These are four things that a Modern Day Missionary ought to ponder as well before leaving his native land to take the Gospel to others. Let us consider each of them in order.
First, let us consider the place. Where should a Missionary go? According to the Bible, the world is his oyster, and he's got more than enough places to go to reach the lost. America now is a Mission field in itself as it becomes more and more paganized. One need not leave his own country without finding people in need of salvation. But to be a Missionary, most think that he must leave his own country (although I believe one can be a Missionary in his own country) to travel to a foreign land.
Where exactly should the Missionary go with the Gospel? To find out, he should get on his knees and pray. After much prayer, he should make a plan. Then he should plan his work and work his plan in journeying to the area that he believes God would want him. Sometimes where he goes isn't where he ends up working. Adoniram Judson is a prime example. He went to India, but ended up in Burma. Many Missionaries have gone to one specific field only to find that God wanted them elsewhere. I have a friend who desired to go to France to preach the Gospel, but the door shut. He'd already learned French, and was excited about preaching in it. However, he was not granted a visa to enter the country. Yet God in his infinite wisdom and mercy instead opened the door for him to go to Canada to the French Speakers there. And there he is today preaching the Gospel of the Lord Jesus Christ.
Let God choose the place. You just get busy praying and planning, and asking God to lead and direct you. He might let you stay in one area for many years, or he might let you travel to many different countries (like Paul) planting churches. But you must go to the place he's laid on your heart. You must go where he calls.
Secondly, one must consider the persons to which he desires you to reach. If God calls you to the Eskimos, you first need to learn their language. If God calls you to the Amazon, you might not be able to learn the language until you get there. But either way, you should try to learn as much as you can about the people in that area so you'll know how to deal with them. Are they cannibals? Are they hostile towards outsiders? Do they listen to others? Are they open?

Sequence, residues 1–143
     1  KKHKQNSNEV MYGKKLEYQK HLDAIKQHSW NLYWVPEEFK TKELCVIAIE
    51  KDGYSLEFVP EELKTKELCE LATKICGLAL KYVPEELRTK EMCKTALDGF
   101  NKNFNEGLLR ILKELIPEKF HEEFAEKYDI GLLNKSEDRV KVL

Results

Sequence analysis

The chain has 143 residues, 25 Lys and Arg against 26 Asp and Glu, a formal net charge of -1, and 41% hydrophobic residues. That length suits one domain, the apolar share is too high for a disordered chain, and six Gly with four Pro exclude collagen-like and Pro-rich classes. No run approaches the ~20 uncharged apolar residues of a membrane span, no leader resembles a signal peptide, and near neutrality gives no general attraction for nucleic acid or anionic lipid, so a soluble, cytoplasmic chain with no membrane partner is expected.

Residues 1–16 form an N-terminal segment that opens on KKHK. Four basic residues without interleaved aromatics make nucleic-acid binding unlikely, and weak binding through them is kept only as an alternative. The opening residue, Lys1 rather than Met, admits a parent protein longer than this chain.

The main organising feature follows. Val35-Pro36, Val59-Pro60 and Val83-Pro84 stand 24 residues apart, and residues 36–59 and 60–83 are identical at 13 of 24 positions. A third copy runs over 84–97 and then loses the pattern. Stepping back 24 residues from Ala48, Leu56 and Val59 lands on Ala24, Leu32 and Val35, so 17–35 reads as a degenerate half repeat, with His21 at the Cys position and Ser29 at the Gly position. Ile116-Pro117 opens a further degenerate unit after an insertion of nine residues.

Most Muslim countries have laws against proselytizing, and the punishment for doing so is death. Is a Missionary really willing to give up his life if need be for the Gospel of Christ? If he really loves the people and has the call of God on his life, he should be!
Each race, or tribe has it's own idiocenricy, which means that there are different ways to deal with them. One must learn these people, their customs, and their way of thought in order to find out how is the best way to present them with the glorious Gospel of the Lord Jesus Christ. For example, among a certain people in Africa the way for tribes to make peace is to meet on the battlefield with woman and children. The woman then come forward and exchange their sons and daughters with the other tribe. From then on, they can't fight each other, because they will be fighting against their own blood. What a wonderful opportunity to tell them about God in heaven who gave his son to make peace with the world, and all who accept Him will be saved and have peace with God!
Another consideration is that of the population. How many people are there where the Missionary is going? There are some times when God calls a man to a small population to preach and teach. But there are also other times when a Missionary must go to the biggest town in the area in an effort to try to reach more souls. The example that Paul gives us is that whenever he traveled, he almost always went to the cities (where the biggest population was). Most of his journeys took him to port cities which held a huge different population of people. Paul first went to the Jews, and then after to the Greeks or Gentiles.
But Paul was also faithful in preaching in jail (a small population) in courts, and on ships where there weren't that many people. Paul reached the masses and went where they were. A Missionary should do the same.
Finally, let us consider the problems of a country. Many Communist nations forbid the preaching of the Gospel, much less the mentioning of the name of God. This can be a problem in trying to give people the Gospel. However, because the laws of man are against God, that doesn't mean we should let people go to hell. We should consider the problems of a country, and then pray for ways to overcome them.